Molecular Opto and Bio-Electronics Lab


Molecular opto-electronics is a field of material science concerning the design, fabrication, characterization, and application of organic small molecule or polymer based devices such as electrical-to-optical or optical-to-electrical tranducers or instruments that use such devices in their operation. In this aspect, our group tries to understand the optical and electrical properties of this system along with the possibility of making solar cells, light emitting diodes, field effect transistor and photodetectors.

Important Notice

PhD candidates with CSIR/UGC-JRF and other such fellowships (INSPIRE, PMRF) can apply directly to this email ID, with your CV including research interest.

Current Research

Organic & Perovskite Solar Cell

Organic and Perovskite solar cell are potential candidate for solar energy conversion due to its light weight, flexibility, low cost, solution processability, less environmental impact and potential for large area fabrication.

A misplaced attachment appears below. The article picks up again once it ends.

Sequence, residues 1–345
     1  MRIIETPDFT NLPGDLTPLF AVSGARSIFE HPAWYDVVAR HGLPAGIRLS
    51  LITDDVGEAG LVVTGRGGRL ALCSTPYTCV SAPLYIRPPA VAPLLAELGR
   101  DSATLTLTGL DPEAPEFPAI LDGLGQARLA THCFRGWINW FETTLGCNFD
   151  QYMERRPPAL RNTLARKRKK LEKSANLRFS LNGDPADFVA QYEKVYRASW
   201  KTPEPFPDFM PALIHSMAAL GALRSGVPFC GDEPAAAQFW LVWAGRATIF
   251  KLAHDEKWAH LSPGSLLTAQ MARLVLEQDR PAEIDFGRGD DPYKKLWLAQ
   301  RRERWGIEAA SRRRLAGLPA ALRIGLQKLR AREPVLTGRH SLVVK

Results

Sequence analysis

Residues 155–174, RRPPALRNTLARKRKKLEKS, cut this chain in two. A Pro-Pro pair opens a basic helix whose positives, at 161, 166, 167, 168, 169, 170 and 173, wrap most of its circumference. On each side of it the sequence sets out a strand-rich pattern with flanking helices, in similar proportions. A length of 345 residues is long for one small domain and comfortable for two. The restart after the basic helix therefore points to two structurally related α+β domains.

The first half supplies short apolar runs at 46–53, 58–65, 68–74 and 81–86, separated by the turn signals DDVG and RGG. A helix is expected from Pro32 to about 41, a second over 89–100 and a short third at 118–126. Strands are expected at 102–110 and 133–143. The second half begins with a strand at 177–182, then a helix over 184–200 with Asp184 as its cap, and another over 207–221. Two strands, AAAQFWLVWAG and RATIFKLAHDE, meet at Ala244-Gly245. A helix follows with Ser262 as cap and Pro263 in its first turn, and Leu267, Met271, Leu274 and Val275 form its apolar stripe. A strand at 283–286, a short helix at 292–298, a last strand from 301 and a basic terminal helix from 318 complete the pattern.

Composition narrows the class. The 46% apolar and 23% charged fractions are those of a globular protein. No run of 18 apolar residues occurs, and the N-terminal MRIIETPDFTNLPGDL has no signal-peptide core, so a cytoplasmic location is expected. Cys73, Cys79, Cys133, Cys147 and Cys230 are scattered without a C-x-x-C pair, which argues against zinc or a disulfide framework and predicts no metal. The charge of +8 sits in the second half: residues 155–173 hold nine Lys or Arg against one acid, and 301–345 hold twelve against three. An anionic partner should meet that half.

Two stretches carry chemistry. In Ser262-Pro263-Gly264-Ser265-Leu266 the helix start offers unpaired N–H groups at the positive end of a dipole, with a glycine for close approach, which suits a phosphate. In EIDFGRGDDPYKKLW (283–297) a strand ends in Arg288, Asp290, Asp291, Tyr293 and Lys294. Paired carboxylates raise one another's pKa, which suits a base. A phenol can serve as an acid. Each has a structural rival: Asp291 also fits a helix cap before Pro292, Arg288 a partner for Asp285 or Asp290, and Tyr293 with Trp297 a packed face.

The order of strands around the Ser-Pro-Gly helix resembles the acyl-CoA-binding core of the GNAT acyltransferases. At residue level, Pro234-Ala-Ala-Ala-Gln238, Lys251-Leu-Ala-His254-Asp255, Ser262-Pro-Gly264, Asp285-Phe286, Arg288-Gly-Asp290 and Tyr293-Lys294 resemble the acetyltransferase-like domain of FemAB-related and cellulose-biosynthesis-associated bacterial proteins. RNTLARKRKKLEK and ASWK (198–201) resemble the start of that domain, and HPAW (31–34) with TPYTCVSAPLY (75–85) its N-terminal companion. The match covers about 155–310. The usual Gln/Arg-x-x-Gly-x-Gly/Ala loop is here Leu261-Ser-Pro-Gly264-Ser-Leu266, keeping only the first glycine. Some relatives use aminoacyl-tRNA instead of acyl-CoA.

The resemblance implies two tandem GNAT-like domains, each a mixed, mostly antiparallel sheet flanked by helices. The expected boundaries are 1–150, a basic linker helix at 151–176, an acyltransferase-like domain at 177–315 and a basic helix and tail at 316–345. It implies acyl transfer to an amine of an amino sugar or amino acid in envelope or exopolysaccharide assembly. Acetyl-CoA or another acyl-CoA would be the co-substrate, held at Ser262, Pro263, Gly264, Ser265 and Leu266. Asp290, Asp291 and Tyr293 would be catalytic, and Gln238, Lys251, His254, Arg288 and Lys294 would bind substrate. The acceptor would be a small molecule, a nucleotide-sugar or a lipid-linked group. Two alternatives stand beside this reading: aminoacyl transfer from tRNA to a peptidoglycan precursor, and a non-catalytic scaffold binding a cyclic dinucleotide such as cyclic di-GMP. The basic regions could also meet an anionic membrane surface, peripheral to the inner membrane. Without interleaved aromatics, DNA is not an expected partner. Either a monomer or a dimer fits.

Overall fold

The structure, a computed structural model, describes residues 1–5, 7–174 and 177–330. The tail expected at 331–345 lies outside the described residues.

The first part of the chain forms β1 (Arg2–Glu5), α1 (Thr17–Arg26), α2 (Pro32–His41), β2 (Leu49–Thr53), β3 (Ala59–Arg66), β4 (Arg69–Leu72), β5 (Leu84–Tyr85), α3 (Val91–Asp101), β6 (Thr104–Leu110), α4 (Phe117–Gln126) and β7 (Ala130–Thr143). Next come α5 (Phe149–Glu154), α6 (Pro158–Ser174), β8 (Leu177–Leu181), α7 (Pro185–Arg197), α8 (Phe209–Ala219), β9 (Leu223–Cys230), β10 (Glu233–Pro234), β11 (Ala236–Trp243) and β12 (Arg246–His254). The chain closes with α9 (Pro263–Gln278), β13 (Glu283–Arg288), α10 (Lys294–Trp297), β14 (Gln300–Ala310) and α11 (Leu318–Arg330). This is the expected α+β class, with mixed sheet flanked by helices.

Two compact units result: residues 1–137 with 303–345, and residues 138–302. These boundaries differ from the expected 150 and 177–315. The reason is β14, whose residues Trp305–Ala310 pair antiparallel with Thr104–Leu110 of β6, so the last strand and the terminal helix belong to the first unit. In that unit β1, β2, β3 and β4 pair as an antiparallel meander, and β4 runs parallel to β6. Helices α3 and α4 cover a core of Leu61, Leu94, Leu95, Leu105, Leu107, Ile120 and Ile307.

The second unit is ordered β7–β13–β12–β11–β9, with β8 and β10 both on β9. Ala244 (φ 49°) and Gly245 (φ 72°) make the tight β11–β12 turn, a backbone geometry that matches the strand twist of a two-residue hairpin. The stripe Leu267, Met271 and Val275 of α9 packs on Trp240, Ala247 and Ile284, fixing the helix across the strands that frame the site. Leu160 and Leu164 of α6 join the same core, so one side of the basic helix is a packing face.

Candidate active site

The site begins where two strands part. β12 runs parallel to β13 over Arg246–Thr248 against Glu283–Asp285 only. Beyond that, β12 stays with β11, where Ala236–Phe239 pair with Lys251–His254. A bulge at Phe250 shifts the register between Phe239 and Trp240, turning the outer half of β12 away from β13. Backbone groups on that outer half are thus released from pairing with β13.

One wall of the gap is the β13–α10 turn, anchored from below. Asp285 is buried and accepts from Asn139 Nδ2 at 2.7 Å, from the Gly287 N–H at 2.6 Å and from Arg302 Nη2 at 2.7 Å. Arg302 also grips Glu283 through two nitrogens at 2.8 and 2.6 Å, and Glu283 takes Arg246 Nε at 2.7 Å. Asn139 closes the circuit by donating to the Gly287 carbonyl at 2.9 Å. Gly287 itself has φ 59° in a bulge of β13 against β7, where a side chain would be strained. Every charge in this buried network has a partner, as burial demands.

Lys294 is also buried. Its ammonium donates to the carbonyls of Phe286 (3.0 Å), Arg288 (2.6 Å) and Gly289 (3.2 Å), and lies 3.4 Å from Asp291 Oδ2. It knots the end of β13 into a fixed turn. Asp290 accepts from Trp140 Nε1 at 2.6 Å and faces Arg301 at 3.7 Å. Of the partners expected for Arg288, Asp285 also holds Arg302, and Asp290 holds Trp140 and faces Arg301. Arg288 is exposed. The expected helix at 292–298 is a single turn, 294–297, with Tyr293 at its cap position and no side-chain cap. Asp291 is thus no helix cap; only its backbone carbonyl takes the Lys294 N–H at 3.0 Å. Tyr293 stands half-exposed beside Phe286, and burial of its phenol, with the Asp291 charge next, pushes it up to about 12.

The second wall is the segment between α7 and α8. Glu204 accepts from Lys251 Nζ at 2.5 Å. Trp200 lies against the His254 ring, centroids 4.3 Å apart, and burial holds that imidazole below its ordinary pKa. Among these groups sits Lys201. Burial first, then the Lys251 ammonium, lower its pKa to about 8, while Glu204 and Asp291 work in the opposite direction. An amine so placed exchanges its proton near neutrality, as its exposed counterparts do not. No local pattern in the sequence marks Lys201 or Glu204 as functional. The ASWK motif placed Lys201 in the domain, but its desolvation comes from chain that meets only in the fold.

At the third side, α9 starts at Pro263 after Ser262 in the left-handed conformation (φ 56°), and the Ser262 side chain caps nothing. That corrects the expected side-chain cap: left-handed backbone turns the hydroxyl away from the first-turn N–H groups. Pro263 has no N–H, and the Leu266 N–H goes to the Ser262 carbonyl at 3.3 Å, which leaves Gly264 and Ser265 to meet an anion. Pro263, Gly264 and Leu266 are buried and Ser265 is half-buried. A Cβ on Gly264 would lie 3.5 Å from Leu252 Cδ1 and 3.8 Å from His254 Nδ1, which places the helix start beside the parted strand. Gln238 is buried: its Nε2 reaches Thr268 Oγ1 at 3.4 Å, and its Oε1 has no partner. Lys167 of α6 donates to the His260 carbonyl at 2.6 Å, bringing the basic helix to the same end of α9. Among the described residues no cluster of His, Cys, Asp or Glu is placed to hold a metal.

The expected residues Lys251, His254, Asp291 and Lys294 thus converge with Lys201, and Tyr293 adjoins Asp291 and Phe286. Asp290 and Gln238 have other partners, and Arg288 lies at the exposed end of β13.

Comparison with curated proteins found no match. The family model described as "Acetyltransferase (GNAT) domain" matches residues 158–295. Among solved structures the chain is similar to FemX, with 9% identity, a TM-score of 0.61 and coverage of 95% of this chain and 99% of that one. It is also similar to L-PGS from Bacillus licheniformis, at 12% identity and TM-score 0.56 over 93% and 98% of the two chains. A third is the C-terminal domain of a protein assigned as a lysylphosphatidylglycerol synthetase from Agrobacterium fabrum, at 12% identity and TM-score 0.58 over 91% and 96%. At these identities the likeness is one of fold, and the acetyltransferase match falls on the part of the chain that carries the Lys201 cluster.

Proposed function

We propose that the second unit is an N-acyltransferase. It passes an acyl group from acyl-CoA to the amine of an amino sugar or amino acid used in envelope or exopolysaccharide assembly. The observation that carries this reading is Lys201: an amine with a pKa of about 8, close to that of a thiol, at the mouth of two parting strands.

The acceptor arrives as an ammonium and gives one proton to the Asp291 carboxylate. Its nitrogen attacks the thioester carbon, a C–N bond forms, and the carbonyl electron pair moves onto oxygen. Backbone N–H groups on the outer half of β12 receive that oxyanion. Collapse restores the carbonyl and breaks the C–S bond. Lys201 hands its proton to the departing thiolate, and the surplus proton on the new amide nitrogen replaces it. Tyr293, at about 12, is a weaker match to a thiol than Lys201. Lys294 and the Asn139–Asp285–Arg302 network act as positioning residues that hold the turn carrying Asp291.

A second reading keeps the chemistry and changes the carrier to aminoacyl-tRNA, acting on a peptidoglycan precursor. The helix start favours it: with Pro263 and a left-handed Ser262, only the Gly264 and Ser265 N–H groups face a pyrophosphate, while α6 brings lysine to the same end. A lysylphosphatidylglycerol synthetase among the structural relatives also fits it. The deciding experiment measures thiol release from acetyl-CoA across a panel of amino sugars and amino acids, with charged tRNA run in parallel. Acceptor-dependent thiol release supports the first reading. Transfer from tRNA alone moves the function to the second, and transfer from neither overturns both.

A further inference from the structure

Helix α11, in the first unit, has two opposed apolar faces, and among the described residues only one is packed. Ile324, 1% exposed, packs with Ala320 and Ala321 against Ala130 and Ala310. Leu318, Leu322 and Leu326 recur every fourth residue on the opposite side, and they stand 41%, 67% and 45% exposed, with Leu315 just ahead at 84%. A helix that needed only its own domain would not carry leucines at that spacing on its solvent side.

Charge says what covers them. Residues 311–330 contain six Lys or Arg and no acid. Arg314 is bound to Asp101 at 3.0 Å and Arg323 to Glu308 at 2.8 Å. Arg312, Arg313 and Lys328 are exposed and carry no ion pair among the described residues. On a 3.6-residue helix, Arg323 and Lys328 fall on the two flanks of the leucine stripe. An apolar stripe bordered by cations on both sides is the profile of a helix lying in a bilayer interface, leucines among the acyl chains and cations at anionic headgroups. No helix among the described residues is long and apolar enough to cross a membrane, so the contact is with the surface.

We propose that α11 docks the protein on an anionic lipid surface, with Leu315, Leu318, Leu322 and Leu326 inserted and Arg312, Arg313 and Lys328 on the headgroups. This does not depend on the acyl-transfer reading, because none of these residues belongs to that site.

Organic LEDs and Photodetectors

An organic light-emitting diode (OLED), is a light emitting diode in which the emissive flourescent layer is a film of organic compound that emits light in response to an electric current.

FETs & 2-Dimensional Materials

Organic field-effect transistors (OFETs) are basic elements for organic electronic circuits and provide information on charge transport properties of π-conjugated oligomers and polymers


Junior Research Fellow

One Junior Research Fellow position is vacant in our lab.
Those who are interested, please send a mail to with your CV and research interest.
Basic Qualification: MSc in Physics, Chemistry, Material Science or electronic engineering.


Mr Sidharth R, BSMS major student alumni, secured PhD position at University of St. Andrews, Scotland.


Congratulations Yousuf Alishan, Sidharth R and Amal Chandran for the graduation.

Publication in invited Journal

Congratulations to Dr. Reshma Raveendran for the publication on "Bias Stress Stability and Hysteresis in Elastomeric Dielectric Based Solution Processed OFETs" in Materials Research Bulletin.